Jan 4, 2024 - Health

FDA probing possible weight-loss drug side effects, including suicidal thoughts

an collage of colorful rectangles featuring photos of weight loss drugs, measuring tapes and medical charts

Illustration: Tiffany Herring/Axios

The Food and Drug Administration is examining reports of suicidal thoughts and other possible side effects linked to a class of blockbuster obesity drugs and whether it needs to take regulatory action.

Driving the news: An update to the agency's adverse event reporting system cited the risk of suicidal ideation; alopecia, or hair loss; and inhalation of stomach contents is connected to drugs treating diabetes and weight loss that include Wegovy, Ozempic, Mounjaro and Zepbound.

  • While the FDA cautioned there's no certainty that a suspected drug is responsible for side effects reported to the agency, past investigations have led to new warnings on drug labels, more safety studies and other precautions.
  • Eli Lilly, the maker of Mounjaro and Zepbound, said in an emailed statement that it is collaborating with the FDA on potential safety issues. Novo Nordisk, which manufactures Wegovy and Ozempic, said it works closely with the FDA to continuously monitor the safety of all of its obesity drugs, adding known risks are reflected in their current labeling.

Context: Demand for the drugs — part of a class known as GLP-1 agonists — has exploded, even while experts note there isn't enough data about the long-term effects and how they work in certain populations, which could ultimately affect the market for them.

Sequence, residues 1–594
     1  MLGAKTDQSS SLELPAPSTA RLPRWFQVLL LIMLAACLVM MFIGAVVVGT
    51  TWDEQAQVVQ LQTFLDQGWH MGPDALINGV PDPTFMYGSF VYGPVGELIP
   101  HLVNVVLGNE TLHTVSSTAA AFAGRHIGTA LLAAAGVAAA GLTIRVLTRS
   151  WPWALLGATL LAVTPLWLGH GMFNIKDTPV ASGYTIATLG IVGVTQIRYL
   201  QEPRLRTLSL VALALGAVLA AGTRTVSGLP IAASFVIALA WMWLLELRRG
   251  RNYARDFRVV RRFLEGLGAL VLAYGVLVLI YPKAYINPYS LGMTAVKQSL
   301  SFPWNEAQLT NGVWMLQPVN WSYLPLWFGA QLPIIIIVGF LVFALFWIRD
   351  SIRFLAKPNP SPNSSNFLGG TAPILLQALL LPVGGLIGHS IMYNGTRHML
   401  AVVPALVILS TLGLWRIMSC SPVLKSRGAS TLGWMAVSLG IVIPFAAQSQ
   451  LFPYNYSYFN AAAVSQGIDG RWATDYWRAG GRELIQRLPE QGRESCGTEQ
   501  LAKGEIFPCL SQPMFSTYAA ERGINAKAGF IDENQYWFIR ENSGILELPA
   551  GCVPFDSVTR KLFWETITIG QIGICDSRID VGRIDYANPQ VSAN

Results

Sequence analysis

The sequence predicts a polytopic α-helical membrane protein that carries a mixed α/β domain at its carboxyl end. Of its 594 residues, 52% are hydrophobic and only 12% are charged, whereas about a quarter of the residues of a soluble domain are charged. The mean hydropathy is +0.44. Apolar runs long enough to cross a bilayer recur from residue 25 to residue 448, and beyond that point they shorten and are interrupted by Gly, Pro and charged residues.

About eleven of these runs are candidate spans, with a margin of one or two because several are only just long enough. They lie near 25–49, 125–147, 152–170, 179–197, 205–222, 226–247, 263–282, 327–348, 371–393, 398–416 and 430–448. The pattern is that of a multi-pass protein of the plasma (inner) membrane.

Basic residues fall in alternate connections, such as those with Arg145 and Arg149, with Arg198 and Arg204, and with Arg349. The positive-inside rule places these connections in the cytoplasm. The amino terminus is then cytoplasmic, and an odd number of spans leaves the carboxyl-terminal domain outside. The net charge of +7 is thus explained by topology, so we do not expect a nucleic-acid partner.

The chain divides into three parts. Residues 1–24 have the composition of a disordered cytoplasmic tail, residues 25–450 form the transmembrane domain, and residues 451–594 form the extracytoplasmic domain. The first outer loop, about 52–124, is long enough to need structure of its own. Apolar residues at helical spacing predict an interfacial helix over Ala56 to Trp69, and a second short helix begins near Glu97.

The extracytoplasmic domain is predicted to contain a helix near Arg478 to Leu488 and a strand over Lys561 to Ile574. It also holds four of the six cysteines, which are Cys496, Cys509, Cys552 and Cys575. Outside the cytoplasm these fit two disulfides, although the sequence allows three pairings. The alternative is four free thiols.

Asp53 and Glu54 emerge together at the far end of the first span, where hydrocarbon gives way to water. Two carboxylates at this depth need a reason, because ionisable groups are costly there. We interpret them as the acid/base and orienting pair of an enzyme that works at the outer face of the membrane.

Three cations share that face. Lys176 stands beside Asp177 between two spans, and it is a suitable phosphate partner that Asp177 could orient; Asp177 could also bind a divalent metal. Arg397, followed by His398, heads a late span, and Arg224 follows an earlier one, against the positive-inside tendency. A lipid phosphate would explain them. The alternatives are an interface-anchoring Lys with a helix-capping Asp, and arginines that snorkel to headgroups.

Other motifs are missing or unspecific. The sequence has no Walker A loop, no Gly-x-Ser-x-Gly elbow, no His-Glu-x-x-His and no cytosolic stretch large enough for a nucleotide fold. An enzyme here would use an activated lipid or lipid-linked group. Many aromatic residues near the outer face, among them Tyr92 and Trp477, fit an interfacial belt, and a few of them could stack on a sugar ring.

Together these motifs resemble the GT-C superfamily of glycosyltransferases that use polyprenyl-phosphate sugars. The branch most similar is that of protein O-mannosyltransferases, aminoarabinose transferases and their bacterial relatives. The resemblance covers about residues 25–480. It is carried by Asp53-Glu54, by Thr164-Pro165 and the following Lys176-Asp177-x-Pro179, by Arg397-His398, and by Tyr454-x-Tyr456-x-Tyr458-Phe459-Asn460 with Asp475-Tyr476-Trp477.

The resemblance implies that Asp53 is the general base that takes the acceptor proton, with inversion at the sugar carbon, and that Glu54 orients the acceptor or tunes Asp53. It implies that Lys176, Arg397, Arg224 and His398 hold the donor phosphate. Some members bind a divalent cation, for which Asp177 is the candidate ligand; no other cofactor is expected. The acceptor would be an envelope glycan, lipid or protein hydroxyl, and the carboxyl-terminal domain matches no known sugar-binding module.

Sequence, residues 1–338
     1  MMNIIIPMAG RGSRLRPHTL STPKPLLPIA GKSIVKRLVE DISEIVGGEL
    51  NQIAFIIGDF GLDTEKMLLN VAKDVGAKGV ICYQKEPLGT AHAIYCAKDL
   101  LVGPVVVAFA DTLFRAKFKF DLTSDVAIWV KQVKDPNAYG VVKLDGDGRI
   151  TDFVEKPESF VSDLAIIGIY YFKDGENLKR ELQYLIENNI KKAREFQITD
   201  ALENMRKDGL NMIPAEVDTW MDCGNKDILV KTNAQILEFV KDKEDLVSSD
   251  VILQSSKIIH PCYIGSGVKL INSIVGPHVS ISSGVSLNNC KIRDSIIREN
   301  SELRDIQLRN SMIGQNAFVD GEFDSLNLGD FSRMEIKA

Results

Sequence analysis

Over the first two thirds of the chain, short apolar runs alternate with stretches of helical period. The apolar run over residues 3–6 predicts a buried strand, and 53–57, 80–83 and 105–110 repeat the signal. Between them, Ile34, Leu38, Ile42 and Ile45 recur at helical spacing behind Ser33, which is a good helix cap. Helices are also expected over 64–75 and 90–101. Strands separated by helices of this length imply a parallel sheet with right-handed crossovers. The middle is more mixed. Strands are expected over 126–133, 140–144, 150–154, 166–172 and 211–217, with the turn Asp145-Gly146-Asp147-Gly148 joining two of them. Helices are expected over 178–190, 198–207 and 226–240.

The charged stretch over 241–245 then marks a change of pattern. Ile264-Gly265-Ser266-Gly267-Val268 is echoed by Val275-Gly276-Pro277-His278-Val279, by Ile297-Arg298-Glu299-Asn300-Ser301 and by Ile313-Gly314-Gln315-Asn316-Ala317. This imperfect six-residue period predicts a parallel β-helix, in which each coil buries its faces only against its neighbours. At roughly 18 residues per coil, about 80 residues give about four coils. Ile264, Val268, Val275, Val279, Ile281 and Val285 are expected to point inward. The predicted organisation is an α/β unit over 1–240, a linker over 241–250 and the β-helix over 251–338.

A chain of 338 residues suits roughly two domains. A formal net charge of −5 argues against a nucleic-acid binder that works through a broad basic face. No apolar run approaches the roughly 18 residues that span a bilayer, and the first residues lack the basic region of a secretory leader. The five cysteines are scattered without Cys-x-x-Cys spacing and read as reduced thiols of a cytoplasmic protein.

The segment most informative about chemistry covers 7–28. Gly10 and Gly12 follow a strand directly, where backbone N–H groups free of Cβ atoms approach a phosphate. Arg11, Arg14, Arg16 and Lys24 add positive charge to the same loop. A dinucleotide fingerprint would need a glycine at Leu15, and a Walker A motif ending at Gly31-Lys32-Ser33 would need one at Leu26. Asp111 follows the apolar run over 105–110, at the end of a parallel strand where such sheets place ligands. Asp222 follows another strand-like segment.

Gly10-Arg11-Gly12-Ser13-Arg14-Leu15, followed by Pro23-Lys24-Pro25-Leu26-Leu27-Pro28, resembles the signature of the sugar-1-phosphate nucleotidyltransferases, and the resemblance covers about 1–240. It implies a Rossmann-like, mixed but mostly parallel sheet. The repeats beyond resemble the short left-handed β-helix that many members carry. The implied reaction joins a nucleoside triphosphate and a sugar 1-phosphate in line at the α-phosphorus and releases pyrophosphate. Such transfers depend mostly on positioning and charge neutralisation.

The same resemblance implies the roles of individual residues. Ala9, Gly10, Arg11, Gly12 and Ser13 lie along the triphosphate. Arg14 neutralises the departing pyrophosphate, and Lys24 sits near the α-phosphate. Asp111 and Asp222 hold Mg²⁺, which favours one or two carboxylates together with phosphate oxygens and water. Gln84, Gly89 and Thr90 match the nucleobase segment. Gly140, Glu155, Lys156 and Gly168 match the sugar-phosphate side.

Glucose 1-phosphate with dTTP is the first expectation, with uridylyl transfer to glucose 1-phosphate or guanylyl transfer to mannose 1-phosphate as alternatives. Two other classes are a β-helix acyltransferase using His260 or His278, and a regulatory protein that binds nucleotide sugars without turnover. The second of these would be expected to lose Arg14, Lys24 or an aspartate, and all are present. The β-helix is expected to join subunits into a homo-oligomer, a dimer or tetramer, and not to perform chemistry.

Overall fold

• The drugs, originally approved for diabetes, have become popular among people who just want to lose weight, presenting new risk-benefit calculations.
  • GLP-1 labels already list the risk of suicidal thoughts.
  • The European Medicines Agency, which did its own inquiry, said last month that while no conclusion can be drawn on a connection between the drugs and thoughts of self-harm, "there are several issues that still need to be clarified," and that regulators would revisit the matter in April.

Leerink analyst David Risinger wrote in an investor note that in light of skyrocketing demand for the drugs, "we expect ongoing FDA evaluation of risks and certain label updates going forward."

  • The American Society of Anesthesiologists last June recommended that GLP-1 drugs be withheld prior to elective surgeries, citing the risk of patient regurgitation and inhalation of stomach contents while under anesthesia or sedation.
  • Regarding alopecia, Risinger wrote that Wegovy showed a slightly higher frequency in clinical trials than placebo, but added that hair loss has been long reported as a side effect of rapid weight loss.

Tina Reed contributed to this report.

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